“The fact is that transmission has not happened and it always happens with lag. So we still believe that the normal marginal cost of funds based lending rate (MCLR) is likely to come down because the growth is not there. Year-on-year (YoY) growth is there, but in this year the growth is not there and credit is simply not picking up. Of course, what has happened is the cost of term deposit has not come down, but we believe that since it is with the lag the previous cuts will still keep the momentum. We believe that MCLRs can come down further and if MCLR comes down, maybe banks will like to reduce their spread. Because of the liquidity the market linked bonds, their rates are coming down and there is a direct competition to loans to that,” Kamal K Mahajan, Head of Treasury and Global Markets at Bank of Baroda,  observed.
“The decision to maintain repo rate at 5.15 is a good thing. The reason is 135 basis points (bps) cut during the current year will take some time to transmit properly into credit growth. There is also one more point like demand not being there. So all these things will settle down instead of again changing. Probably, the RBI has done a good thing to continue the rate. The next time when they come, there could be some rate cut by the end of the financial year," SS Mallikarjuna Rao, MD and CEO of Punjab National Bank, pointed out.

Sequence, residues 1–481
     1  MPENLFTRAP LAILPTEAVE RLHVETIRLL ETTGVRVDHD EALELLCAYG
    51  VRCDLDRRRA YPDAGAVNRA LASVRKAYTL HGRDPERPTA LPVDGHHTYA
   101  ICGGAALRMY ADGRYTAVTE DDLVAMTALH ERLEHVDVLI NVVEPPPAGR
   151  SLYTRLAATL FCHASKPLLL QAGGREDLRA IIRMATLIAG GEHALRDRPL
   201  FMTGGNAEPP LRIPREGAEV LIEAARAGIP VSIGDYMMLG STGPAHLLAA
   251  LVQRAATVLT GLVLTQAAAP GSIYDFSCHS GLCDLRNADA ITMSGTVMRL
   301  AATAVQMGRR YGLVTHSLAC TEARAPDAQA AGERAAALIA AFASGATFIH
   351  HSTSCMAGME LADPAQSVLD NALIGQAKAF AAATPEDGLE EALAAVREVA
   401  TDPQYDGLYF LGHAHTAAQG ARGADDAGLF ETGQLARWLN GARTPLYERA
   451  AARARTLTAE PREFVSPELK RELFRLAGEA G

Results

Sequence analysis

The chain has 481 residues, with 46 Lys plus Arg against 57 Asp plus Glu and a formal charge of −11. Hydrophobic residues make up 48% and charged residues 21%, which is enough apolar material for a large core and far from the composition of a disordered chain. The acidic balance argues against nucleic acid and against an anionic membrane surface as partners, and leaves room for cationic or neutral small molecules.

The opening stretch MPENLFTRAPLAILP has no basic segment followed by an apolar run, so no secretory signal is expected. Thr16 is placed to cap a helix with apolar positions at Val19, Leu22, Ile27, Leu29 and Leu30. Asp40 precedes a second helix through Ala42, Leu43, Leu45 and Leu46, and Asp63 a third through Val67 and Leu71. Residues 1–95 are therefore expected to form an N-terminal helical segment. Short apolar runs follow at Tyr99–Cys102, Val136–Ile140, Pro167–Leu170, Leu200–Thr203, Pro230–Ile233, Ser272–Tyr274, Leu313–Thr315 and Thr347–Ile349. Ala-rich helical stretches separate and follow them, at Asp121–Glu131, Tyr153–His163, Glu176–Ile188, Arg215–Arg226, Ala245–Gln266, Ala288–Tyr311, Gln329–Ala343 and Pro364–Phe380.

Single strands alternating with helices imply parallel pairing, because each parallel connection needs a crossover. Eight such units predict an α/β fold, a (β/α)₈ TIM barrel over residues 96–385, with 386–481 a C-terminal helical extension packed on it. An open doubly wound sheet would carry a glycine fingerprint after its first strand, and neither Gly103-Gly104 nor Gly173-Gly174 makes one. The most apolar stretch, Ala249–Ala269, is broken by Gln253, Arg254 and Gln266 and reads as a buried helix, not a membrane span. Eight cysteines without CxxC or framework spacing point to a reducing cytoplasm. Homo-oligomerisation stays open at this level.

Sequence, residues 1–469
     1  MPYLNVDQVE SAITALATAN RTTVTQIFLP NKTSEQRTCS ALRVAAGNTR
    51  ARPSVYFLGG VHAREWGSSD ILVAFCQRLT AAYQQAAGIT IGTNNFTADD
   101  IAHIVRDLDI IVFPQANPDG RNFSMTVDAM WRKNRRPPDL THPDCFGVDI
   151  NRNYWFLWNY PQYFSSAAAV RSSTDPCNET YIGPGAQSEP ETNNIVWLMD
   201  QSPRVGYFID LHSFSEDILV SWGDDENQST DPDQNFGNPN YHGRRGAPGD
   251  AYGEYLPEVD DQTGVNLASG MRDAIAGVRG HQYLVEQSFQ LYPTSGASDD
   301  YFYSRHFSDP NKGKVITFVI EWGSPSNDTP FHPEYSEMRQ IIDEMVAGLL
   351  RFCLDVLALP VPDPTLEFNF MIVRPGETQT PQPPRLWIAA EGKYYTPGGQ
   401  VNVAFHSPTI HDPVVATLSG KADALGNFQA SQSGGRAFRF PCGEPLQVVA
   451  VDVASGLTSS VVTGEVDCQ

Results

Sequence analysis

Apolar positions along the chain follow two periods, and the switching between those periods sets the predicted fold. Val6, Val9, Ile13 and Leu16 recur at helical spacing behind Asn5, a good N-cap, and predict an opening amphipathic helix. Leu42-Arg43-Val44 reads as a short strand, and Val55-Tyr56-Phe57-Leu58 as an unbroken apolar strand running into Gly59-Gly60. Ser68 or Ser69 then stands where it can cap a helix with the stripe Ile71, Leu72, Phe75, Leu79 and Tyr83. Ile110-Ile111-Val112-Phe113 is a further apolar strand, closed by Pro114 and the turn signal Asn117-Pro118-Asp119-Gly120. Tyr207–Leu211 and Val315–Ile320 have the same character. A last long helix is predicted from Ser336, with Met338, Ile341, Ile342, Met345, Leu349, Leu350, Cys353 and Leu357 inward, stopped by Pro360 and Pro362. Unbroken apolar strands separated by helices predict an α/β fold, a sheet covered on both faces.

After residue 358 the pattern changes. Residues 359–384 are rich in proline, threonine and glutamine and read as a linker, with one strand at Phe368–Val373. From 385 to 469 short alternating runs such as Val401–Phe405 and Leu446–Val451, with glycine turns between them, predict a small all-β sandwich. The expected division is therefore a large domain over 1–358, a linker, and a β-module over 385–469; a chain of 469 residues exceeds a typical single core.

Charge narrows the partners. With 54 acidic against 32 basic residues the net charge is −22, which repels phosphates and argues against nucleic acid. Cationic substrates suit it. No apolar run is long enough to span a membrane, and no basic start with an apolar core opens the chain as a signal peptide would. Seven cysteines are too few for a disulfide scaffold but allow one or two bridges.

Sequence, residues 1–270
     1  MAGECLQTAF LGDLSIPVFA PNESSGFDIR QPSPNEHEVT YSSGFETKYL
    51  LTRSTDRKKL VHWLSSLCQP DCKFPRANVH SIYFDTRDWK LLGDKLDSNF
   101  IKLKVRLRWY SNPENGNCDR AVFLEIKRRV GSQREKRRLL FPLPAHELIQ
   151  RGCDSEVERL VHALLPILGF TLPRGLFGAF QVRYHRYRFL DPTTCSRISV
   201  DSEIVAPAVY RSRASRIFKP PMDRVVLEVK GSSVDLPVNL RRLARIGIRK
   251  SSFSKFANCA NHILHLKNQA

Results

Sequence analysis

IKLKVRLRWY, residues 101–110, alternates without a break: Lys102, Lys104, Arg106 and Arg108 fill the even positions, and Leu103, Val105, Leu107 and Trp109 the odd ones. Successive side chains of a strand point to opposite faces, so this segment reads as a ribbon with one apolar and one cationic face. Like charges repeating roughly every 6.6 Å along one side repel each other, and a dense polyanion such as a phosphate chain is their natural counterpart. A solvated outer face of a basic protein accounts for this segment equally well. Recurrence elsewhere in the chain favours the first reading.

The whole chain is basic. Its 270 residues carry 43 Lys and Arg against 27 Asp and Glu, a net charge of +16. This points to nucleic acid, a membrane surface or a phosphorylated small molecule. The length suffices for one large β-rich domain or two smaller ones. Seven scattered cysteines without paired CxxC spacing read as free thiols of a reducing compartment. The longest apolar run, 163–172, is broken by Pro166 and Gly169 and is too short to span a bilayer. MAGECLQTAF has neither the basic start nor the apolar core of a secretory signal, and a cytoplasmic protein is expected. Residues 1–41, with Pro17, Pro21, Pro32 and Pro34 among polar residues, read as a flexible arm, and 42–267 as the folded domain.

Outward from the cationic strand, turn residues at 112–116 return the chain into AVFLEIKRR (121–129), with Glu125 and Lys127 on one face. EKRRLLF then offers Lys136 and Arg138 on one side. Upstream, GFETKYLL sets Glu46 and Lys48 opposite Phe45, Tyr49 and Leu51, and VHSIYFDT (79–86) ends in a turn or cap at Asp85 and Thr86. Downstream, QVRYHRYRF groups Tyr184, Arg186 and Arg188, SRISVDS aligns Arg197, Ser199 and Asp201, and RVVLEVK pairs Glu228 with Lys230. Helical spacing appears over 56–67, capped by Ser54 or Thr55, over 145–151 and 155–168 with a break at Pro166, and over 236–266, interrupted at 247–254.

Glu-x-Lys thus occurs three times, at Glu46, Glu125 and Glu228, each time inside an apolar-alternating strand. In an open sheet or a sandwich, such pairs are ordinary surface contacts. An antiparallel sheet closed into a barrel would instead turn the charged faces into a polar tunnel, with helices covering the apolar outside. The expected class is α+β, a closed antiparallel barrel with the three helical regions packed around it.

Budget is crucial
Said Dinesh Kumar Khara, MD-Global Banking and Subsidiaries, SBI: "Regarding lending rate cut, it will be the function to be carried out by the Asset Liability Committee and we do go through various data points and then take a call. Much of it will depend upon demand and we are actually seeing demand on the retail side which we are supporting. So that is not a challenge but as far as corporates are concerned, we do see some concerns and a part of it is coming from the fact that some of the corporates are going for deleveraging. So that’s one of the reasons why perhaps we do not see much of demand from the corporates.”
"It is quite interesting of course that the RBI points to weak growth and then doesn’t do anything in terms of rates. But usually, in a weak growth environment, we should have seen flattening of the yield curve. That is something we have not seen in the last few months primarily on account of the worries about the fiscal and the public sector borrowing. I don’t think those worries are going away and I think there are concerns that you might see some slippage in the fiscal this year and potentially in the medium term. So the budget becomes very important in that perspective," R Sivakumar, HD-Fixed Income, Axis Mutual Fund opined.